3On this is placed a layer of stones, each of which is not to be less than will fill a man’s hand. These being spread, the pavement is laid thereon. If the rubbish be new, let three parts of it be mixed with one of lime; but if from old materials, the proportion is five parts to two of lime. It is then laid on, and brought to a solid consistence with wooden beaters and the repeated blows of a number of men, till its thickness is about three quarters of a foot. Over this is spread the upper layer, composed of three parts of potsherds to one of lime, of a thickness not less than six inches. Over the upper layer the pavement is laid to rule and level, whether composed of slabs or of tesseræ.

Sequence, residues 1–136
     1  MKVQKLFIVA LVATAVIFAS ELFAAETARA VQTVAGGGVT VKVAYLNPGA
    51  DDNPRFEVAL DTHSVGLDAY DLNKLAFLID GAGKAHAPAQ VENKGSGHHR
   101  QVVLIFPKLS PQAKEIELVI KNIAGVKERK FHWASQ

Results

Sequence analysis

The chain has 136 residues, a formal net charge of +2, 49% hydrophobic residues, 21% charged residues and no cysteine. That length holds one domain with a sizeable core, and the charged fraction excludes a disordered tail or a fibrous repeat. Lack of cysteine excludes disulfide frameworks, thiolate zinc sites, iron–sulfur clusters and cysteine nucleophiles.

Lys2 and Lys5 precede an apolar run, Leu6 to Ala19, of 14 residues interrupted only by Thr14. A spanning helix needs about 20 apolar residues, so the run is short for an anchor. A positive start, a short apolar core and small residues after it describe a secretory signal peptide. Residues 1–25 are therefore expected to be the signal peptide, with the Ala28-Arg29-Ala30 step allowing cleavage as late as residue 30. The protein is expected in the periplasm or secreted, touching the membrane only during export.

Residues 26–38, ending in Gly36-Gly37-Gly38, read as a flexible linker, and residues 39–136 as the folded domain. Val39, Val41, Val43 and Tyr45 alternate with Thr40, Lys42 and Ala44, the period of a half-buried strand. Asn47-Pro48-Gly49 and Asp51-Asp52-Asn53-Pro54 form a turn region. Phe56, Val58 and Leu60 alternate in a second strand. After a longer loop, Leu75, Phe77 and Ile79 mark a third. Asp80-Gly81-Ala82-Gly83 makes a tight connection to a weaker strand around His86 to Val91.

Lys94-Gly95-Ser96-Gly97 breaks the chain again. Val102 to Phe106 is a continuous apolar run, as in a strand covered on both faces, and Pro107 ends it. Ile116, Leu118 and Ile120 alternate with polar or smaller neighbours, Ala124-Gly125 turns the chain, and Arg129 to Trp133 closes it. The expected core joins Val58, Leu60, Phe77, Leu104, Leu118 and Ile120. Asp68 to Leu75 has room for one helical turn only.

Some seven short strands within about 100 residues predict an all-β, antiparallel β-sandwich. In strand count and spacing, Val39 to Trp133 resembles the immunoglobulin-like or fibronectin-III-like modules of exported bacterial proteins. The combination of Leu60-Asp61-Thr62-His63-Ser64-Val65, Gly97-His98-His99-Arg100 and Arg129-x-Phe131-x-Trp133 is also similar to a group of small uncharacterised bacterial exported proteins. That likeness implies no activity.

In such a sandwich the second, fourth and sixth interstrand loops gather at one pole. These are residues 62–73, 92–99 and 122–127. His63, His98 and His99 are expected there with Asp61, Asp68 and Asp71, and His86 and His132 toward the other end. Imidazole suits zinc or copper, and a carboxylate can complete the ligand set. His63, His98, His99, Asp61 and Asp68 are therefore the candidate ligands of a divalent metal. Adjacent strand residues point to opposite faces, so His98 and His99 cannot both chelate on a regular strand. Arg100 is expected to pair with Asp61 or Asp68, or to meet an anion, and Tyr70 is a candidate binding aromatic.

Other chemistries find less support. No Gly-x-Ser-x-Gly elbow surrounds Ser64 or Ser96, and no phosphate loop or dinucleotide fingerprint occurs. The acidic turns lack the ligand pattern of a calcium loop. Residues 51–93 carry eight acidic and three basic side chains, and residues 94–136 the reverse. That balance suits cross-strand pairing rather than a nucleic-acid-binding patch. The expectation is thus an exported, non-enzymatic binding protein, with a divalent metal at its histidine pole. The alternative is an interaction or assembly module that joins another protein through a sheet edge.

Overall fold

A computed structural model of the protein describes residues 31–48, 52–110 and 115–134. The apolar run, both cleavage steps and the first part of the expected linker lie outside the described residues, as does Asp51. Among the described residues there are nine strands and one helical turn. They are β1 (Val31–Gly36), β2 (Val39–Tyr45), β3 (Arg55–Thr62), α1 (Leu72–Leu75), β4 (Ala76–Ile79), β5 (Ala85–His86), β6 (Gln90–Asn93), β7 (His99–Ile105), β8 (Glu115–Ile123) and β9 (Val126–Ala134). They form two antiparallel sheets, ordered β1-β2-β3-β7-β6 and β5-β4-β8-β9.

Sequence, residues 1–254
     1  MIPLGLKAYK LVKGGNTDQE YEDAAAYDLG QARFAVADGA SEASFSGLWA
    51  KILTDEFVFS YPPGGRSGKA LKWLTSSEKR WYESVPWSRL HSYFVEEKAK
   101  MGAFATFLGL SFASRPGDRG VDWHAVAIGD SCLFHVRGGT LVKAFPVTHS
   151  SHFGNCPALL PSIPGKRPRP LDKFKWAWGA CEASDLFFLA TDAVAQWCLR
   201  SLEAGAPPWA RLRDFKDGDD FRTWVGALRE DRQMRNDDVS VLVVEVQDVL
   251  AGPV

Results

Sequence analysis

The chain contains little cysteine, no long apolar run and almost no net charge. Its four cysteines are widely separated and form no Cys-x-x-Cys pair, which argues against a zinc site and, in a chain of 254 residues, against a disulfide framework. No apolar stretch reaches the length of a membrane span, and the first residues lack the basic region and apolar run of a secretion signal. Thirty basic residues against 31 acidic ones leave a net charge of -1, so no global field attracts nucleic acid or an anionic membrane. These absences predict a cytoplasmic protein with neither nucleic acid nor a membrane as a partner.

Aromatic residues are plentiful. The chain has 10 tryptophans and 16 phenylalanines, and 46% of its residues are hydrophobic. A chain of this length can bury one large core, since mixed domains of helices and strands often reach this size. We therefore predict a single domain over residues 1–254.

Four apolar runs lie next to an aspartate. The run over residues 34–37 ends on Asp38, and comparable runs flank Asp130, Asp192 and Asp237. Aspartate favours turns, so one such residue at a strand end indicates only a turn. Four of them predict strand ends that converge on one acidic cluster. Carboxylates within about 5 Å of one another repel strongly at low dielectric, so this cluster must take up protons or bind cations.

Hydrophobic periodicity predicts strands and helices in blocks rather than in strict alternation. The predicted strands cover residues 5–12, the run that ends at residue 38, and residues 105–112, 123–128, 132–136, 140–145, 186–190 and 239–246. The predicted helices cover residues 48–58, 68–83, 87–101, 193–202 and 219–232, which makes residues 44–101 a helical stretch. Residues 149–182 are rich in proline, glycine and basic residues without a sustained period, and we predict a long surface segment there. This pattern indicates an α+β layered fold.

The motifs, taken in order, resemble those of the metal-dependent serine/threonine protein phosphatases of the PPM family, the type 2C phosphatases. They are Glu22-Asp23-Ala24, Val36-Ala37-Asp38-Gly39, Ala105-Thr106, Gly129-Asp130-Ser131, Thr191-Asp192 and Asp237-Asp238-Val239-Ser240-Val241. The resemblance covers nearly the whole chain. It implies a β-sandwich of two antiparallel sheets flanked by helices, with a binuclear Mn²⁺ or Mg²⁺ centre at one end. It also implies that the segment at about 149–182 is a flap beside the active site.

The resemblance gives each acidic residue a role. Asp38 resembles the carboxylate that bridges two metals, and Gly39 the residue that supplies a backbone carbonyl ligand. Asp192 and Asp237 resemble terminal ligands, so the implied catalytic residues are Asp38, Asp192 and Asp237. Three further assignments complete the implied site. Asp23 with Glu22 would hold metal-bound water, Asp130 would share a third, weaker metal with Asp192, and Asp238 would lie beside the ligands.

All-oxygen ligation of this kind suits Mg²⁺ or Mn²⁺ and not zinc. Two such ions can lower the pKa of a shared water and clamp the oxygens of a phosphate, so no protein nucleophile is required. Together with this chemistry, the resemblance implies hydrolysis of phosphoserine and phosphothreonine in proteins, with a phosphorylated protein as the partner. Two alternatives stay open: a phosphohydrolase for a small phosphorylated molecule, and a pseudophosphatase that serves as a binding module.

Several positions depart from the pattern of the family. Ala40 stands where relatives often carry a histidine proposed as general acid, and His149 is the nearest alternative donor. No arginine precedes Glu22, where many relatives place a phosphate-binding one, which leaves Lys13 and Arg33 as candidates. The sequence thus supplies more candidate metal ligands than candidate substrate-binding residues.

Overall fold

3Then, upon this lay the bedding, composed of stones not smaller than can fill the hand. After the bedding is laid, mix the broken stone in the proportions, if it is new, of three parts to one of lime; if it is old material used again, five parts may answer to two in the mixture. Next, lay the mixture of broken stone, bring on your gangs, and beat it again and again with wooden beetles into a solid mass, and let it be not less than three quarters of a foot in thickness when the beating is finished. On this lay the nucleus, consisting of pounded tile mixed with lime in the proportions of three parts to one, and forming a layer not less than six digits thick. On top of the nucleus, the floor, whether made of cut slips or of cubes, should be well and truly laid by rule and level.